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Thriller

Reviews

Silent Retreat

By: Addison Wylie I have a bit of history with Silent Retreat. I caught Tricia Lee’s thriller at last year’s Toronto After Dark Film Festival where it received its fair amount of warm reception.  Though the filmmaker was clear about the film’s intentions in a post-Q&A, it was a pick at the festival that really rubbed me the wrong way. The flick’s primary problem was that it was dramatically overscored.  It’s smothering music told the…

Reviews

The German Doctor

By: Addison Wylie The German Doctor (or its Spanish title, Wakolda) is a solid slow burn.  It’s also a not-so-slow slow burn.  Allow me to explain. It appears this film about a relocating Argentine family who is followed by an unknown yet concerned doctor would like to move at a more patient rate.  The actors on screen are prepared to show their unease with properly drawn out weariness and filmmaker Lucía Puenzo shows he has the chops to tackle…

Reviews

Oculus

By: Addison Wylie Mike Flanagan’s off-shoot elaboration of his short film Oculus: Chapter 3 – The Man with the Plan turns into a movie where things happen.  Things that aren’t really interesting or thrilling.  Just a lot of stuff that may or may not be real.  This is because Oculus is a horror film with no tension. Oculus is a movie that makes me appreciate Book of Shadows: Blair Witch 2.  It’s a sequel that…

Reviews

Afflicted

By: Addison Wylie Afflicted isn’t a found footage film, but rather a mockumentary documenting Derek Lee and Clif Prowse’s year long trip around the world.  The film does, however, use the same techniques we’ve seen in previous found footage horrors.  Luckily, the filmmakers in charge of this creature feature know what they’re doing. In fact, there are a lot of things filmmakers/co-stars Lee and Prowse do brilliantly in Afflicted.  Firstly, the duo cover their asses extremely…

Reviews

Out of the Furnace

By: Addison Wylie Why is it that Out of the Furnace has so many accomplishments going for it, yet it’s an impossible recommendation?  Telling someone to watch Out of the Furnace would be like telling someone to hold a bunch of wild snakes and assuring them they won’t get bit. Scott Cooper’s thriller is one of those movies you appreciate a few hours after having watched it.  Viewing Out of the Furnace for the first…

Reviews

In Fear

By: Addison Wylie In Fear marks the first time in a while where a film has really scared me using traditional minimalist tactics. We’re paired with Tom and Lucy – a complicated couple played by Iain De Caestecker and Alice Englert – as they head towards a secluded hotel via their tiny vehicle.  The search for the hotel brings them deeper into the woods and directional signs send them on a wild goose chase as the…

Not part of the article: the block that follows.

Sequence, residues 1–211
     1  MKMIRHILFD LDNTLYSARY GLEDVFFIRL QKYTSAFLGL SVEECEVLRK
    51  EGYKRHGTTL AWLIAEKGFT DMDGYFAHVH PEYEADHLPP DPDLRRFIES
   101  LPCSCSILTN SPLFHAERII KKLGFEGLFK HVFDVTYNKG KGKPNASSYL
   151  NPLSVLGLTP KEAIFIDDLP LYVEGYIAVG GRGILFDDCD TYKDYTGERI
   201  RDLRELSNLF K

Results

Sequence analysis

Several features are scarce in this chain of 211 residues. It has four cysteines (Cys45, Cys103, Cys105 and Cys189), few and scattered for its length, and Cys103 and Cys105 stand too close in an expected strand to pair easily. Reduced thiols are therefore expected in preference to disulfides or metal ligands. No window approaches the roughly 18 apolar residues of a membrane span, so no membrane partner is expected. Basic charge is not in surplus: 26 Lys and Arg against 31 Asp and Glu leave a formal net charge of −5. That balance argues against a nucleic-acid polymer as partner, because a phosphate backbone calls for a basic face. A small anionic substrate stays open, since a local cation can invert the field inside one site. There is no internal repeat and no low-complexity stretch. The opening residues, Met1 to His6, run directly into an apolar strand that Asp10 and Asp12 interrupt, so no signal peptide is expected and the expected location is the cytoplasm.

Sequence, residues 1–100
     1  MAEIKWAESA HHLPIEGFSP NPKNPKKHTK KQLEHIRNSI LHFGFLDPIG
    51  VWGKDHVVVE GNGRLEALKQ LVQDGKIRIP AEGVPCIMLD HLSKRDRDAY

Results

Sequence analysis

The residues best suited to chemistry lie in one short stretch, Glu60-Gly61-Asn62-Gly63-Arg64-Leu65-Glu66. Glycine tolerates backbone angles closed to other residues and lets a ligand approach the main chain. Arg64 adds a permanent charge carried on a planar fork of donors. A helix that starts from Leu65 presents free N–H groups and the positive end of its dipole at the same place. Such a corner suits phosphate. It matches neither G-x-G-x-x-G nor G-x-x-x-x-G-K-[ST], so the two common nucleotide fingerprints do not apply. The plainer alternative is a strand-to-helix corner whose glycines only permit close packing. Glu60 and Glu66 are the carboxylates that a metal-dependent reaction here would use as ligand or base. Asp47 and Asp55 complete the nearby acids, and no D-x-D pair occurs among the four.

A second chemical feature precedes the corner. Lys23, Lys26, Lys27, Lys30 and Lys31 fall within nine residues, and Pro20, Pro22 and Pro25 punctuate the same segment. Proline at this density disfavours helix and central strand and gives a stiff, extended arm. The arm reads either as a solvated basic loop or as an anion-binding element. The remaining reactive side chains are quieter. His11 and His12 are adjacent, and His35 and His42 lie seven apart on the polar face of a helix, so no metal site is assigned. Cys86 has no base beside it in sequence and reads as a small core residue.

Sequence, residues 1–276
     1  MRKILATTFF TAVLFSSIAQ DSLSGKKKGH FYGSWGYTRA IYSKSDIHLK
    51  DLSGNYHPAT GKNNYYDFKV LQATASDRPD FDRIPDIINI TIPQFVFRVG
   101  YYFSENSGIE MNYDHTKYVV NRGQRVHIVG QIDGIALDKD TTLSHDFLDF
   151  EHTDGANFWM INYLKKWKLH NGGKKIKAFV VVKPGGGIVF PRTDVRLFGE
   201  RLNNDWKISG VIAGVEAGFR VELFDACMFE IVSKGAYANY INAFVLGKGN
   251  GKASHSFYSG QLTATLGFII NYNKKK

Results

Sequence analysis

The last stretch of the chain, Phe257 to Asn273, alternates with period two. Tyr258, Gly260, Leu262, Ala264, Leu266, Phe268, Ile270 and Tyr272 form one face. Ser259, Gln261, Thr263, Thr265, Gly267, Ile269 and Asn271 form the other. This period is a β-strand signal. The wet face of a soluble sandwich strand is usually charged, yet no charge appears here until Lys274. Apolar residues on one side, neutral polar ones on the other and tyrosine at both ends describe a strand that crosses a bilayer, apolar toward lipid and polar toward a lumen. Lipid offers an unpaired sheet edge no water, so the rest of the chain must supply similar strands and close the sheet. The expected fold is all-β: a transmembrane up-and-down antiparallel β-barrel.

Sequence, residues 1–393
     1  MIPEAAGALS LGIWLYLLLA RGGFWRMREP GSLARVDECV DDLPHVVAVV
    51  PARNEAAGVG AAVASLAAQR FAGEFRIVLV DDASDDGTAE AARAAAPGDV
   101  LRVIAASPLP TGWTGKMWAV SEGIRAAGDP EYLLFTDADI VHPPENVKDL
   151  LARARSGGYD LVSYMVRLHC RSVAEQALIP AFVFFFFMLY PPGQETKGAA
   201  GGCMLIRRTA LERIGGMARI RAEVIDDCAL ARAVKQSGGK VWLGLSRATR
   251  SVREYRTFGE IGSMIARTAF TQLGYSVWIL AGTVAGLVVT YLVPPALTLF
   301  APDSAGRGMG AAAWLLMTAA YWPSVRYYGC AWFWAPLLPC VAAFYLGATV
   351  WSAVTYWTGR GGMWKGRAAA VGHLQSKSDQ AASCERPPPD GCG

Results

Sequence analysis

Reviews

Solo

By: Addison Wylie Solo starts out on an “A” game, but ends up finishing with a generous “C” grade. Isaac Cravit’s independent thriller is a straight-up campfire story – and, the filmmaker knows it.  Gillian (played by former Degrassi: The Next Generation co-star Annie Clark) needs to prove herself to be a capable camp counsellor in order to obtain a summer job.  The newbie needs to pull a “solo”, a two-night experience on a secluded…

Reviews

Big Bad Wolves

By: Addison Wylie It’s easy to see why Quentin Tarantino named Big Bad Wolves as the best film of 2013.  It’s basically a love letter to the filmmaker’s earlier work – an elaboration on that infamous torture scene in Reservoir Dogs. Filmmakers Aharon Keshales and Navot Papushado’s bottled thriller has three men (a father who’s daughter has been kidnapped and murdered, a renegade cop, and a tied up potential criminal) spar with one another to…

Reviews

Antisocial

By: Addison Wylie Antisocial is middle-of-the-road fare, which I’m sure director/co-writer Cody Calahan doesn’t want to hear. He wants his film to act as a commentary for how immersed we are with technology and social media.  In order to drive home the social satire, he and co-writer Chad Archibald use networking devices as a means to drag the living to a state of infection.  Tech junkies start to hallucinate and graphically bleed out of the…

Reviews

Let the Fire Burn

By: Addison Wylie Jason Osder has taken on an anti-talking heads format with his striking documentary Let the Fire Burn and it pays off big time. The filmmaker chronicles the societal shakes that took place in Philadelphia during the late seventies through to the mid-eighties initiated by MOVE.  Members of MOVE would call the collective an organization inhabiting a peaceful, non-violent state-of-mind.  Others wouldn’t hesitate to call MOVE a cult with harassing methods bordering on…